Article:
While women comprise roughly half of foodservice entry-level employees, that number substantially decreases as you move through the pipeline into leadership positions.
According to the 2021 Women in the Workplace report conducted by McKinsey in partnership with LeanIn.Org:
- In the restaurant industry, 58% of entry-level employees are women, but only 29% of C-suite employees.
- In the food and beverage distribution industry, 46% of entry-level employees are women but only 20% of C-suite employees.
- In the food and beverage manufacturing industry, 52% entry-level employees are women but only 20% of C-suite employees.
- In the consumer packaged goods industry, 54% of entry-level employees are women but only 31% of C-suite employees.
Fostering a company culture that places importance on diversity, equity and inclusion is critical for Mondelēz International, which is why we’re proud that the Mondelēz International Foodservice team is powered by two highly experienced female chefs.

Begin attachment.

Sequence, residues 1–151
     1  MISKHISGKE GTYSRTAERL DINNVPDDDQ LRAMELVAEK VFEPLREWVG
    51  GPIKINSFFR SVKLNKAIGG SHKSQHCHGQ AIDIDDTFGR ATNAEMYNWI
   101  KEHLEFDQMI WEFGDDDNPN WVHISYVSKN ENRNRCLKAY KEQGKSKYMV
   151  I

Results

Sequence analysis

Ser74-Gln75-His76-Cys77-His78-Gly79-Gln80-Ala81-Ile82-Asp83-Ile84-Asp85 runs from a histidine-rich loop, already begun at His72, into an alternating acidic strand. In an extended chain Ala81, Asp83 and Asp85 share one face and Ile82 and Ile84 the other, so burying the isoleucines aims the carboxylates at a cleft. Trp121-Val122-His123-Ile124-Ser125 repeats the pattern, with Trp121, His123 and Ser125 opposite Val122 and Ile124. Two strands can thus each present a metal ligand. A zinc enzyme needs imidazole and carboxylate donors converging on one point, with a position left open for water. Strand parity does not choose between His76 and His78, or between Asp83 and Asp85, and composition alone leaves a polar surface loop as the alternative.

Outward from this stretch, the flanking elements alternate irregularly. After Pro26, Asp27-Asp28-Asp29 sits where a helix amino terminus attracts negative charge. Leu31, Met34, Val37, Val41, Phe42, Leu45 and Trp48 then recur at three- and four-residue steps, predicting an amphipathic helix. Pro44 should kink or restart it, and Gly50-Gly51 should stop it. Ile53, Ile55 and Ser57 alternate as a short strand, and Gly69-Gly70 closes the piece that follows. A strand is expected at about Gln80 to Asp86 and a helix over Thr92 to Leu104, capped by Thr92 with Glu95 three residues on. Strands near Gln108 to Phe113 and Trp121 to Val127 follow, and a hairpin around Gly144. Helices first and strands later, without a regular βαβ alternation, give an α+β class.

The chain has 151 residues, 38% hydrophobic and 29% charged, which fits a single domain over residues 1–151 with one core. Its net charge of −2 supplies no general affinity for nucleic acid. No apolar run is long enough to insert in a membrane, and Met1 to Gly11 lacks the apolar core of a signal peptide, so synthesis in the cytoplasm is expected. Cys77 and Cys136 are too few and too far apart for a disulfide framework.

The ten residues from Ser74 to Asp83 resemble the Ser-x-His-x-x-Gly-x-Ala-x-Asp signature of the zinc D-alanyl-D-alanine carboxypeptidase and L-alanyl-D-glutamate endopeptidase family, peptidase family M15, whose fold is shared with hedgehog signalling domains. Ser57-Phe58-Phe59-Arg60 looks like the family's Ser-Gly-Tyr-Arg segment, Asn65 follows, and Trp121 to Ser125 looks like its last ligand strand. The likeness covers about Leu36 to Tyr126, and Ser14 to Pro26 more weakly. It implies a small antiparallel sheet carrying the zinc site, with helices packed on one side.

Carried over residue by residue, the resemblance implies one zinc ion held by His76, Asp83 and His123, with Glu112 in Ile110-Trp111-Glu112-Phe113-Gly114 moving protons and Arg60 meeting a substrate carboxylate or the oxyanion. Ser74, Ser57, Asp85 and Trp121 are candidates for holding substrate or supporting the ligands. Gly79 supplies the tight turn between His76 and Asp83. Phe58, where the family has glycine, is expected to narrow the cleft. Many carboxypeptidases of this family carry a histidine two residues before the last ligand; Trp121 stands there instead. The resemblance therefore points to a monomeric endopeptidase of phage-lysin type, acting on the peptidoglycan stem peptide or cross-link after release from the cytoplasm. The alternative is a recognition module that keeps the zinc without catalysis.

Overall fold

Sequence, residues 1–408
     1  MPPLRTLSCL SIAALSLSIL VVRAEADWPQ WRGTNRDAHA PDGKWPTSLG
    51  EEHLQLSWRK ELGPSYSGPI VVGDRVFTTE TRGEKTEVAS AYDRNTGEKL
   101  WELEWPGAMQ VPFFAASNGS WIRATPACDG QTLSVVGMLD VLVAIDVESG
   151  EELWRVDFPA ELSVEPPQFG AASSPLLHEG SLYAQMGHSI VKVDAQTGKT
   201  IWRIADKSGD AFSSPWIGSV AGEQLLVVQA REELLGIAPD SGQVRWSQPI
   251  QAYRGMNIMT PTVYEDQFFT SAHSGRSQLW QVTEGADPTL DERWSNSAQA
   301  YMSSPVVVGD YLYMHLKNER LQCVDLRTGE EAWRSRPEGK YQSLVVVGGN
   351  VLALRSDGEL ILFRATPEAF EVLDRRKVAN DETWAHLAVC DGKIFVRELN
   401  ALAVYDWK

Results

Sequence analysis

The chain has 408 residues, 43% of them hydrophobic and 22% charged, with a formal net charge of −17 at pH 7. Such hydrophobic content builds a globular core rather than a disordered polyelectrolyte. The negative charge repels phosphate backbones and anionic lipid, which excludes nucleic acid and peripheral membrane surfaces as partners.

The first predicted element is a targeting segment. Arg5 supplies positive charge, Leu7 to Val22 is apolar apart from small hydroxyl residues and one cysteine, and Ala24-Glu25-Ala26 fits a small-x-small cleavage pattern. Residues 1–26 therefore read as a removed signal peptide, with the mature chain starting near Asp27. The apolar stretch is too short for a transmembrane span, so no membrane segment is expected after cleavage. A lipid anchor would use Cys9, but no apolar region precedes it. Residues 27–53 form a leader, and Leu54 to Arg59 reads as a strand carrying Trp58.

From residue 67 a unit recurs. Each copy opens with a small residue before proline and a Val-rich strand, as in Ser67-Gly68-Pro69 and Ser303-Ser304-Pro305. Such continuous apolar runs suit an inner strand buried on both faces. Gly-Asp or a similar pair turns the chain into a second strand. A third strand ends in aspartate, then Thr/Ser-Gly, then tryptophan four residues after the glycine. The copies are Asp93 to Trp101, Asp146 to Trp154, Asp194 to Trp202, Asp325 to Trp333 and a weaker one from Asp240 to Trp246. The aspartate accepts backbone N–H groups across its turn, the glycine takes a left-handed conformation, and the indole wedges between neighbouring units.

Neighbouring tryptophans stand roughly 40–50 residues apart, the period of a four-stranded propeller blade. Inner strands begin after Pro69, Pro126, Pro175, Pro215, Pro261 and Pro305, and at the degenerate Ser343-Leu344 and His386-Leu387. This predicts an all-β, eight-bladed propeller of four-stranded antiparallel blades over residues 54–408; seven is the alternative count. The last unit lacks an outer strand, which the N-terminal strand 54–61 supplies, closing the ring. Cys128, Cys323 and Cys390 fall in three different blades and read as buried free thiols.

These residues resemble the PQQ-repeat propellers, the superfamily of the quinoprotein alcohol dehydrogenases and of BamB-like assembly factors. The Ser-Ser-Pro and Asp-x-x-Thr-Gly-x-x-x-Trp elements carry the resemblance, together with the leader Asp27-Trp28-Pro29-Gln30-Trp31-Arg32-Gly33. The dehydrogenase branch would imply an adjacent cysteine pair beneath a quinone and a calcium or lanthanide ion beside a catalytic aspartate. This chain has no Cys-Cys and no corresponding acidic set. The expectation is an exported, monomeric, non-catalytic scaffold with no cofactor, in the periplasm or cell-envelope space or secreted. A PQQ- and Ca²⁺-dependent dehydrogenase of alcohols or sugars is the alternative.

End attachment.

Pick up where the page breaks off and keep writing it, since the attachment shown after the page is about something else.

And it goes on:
Chef Patty Mitchell specializes in helping Mondelez International customers and manufacturers maximize the potential of the branded ingredients, as well as providing support for internal stakeholders and category managers. Chef Patty also provides culinary support to both the OREO Cafe, located in East Rutherford, NJ, and the SOUR PATCH KIDS Cafe in New York City. Additionally, she develops recipes and concepts for the Mondelēz Foodservice Culinary Center, to inspire and help independent operators innovate.
Chef Carmisha Ramsey focuses on concept and product development, ideation and brainstorming flavor trends and bringing LTOs featuring Mondelēz International brands to life for customers with national reach.For Women’s History Month, we spoke with them both on why representation is important and their advice for females in the industry.
Succeeding in a Male-Dominated Industry
Having a career as a female chef in an underrepresented industry means a lot to Chef Patty and Chef Carmisha.